Anyway, in this game, Sonic returns to South Island after a day of adventuring only to find that Tails has been kidnapped by Dr. Eggman (as well as all of Sonic’s animal friends), of which Tails informs Sonic via a letter sent from his prison in the Crystal Egg Zone. To reach Eggman’s latest fortress, Sonic must collect all the Chaos Emeralds (for some reason…) as he speeds through 7 more Zones.
While this game is light on explicit lore from the manual, I’ve decided to slot this version of the game between Sonic 2 and 3 because it’s a short adventure that seems as though it only spans over the course of a day, so it’s plausible that the abduction of Tails and the Crystal Egg were distractions by Eggman to stall the inevitable of Sonic finding out about the Death Egg’s landing on Angel Island after the events of Sonic 2 on the Mega Drive while he had his forces working on its repairs, since Sonic and Tails go to Angel Island to investigate mysterious energy readings (caused by the crash of the Death Egg, presumably) rather than catching wind of Eggman being up to his old tricks again.
#5: Sonic the Hedgehog 3 & Knuckles – SEGA Mega Drive (1994)
Since much of the plot of Sonic 3 & Knuckles is told within the game proper (a first for the series), I’m going to keep this summary rather brief.
Essentially, the Death Egg crashes into Angel Island after Super Sonic trashes it in the end of Sonic 2 (yes, I know you can’t normally access Super Sonic in the Death Egg in that game but the “Genesis” arc of the Archie comic pulled it off really nicely so let’s roll with it, m’kay?), with Sonic and Tails thinking that they have now seen the last of Eggman.
However, Eggman miraculously survived the crash of the Death Egg, which plunged Angel Island into the ocean, as well as dispersing the Chaos Emeralds, which were currently residing the Emerald chamber in the Hidden Palace Zone guarded by Knuckles the Echidna (who was knocked unconscious by the Death Egg’s impact). We all know the story from here: Eggman dupes Knuckles (who believes Eggman to be the “dragon” he saw prophesied on the Emerald chamber’s mural) into thinking Sonic is a malevolent attacker after the Chaos Emeralds, and so begins the epic saga of Sonic 3 and Knuckles. What is not apparent, however, is that Knuckles’ campaign almost certainly takes place after Sonic’s, which is dissected here.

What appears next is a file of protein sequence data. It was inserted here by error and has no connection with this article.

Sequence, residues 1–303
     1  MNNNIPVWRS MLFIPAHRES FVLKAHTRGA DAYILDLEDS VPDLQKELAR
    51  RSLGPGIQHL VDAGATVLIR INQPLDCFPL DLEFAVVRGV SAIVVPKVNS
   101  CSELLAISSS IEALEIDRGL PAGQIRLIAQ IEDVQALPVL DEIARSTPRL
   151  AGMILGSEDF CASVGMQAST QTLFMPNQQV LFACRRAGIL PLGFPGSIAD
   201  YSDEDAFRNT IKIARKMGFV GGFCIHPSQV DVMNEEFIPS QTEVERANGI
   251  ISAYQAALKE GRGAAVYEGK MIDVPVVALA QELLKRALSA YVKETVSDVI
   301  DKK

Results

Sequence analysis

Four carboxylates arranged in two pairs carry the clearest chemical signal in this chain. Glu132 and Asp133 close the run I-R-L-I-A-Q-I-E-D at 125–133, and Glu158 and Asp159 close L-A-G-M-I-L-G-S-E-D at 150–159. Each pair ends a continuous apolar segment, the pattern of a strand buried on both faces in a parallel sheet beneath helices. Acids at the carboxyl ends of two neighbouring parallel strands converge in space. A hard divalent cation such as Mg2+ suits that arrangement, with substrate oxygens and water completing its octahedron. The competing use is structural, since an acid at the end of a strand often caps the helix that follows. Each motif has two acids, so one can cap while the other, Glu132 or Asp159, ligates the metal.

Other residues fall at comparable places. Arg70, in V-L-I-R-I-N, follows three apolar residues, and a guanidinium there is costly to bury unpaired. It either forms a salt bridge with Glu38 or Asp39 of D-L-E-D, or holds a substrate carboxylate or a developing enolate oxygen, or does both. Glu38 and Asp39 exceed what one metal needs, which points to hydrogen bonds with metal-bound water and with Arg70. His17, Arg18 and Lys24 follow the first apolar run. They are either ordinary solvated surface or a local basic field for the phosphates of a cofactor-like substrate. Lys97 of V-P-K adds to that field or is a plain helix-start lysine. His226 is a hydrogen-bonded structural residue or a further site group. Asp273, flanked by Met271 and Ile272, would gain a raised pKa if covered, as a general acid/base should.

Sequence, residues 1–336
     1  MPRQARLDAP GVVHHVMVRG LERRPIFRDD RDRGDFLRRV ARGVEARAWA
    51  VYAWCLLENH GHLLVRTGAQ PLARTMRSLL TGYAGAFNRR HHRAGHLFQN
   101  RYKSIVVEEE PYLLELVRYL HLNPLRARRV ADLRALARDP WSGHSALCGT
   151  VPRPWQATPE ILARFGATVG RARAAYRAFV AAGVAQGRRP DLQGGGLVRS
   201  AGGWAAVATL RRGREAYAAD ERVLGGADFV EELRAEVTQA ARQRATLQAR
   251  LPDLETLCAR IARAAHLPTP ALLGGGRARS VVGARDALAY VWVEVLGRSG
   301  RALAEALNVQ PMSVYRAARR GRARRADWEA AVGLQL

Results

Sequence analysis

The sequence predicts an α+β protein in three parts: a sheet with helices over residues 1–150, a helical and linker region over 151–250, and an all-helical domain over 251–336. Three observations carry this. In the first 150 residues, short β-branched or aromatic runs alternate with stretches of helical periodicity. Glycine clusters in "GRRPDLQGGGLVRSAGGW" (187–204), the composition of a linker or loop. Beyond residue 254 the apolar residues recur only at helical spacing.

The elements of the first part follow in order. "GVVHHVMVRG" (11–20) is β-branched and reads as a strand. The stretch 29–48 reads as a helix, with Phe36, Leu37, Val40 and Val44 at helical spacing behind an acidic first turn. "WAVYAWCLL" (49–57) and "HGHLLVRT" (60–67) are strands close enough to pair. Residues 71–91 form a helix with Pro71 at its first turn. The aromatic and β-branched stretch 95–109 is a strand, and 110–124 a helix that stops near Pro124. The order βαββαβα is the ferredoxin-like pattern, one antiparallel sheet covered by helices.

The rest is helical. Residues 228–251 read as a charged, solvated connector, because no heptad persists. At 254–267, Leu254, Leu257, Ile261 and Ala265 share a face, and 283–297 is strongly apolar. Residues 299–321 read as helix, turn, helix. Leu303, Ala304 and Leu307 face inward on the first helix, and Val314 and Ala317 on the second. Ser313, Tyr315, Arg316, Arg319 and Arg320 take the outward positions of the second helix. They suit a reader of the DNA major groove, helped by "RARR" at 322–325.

While this is easily my favourite game from the original series (only topped by Mania) with its grander story being part of that place in my heart, the relative scarcity of obscure details from the manual makes it a little less exciting to talk about than the others in this context.
#6: Sonic the Hedgehog CD – SEGA Mega CD (1993)
Although this game is perhaps most famous for its kickass opening cinematic, Sonic CD is fairly light under the hood in the story department. The story of this entry takes place on Little Planet, a mysterious “star” that appears over Never Lake for only one month every year. Sonic had initially set out to explore the planet (with his admirer, Amy Rose Hedgehog, being hot on his heels) and had only found out by complete chance that Eggman had chained Little Planet to a nearby mountain to use as his fortress for world domination. And lurking in the shadows was a metallic facsimile of our hero, Eggman’s latest creation built solely to surpass and destroy Sonic. The race for the Time Stones had begun on the planet where time itself runs freely.
Despite being released a year after Sonic 2, CD was initially conceived to be a “Mega CD version of Sonic 1”, sporting many similar locales and enemies to the original Mega Drive game, so it makes sense that the plot was fairly low key at this time, not pushing the status quo too far, unlike the next few games on the list.
#6.5: Tails’ Sky Patrol – SEGA Game Gear (1995)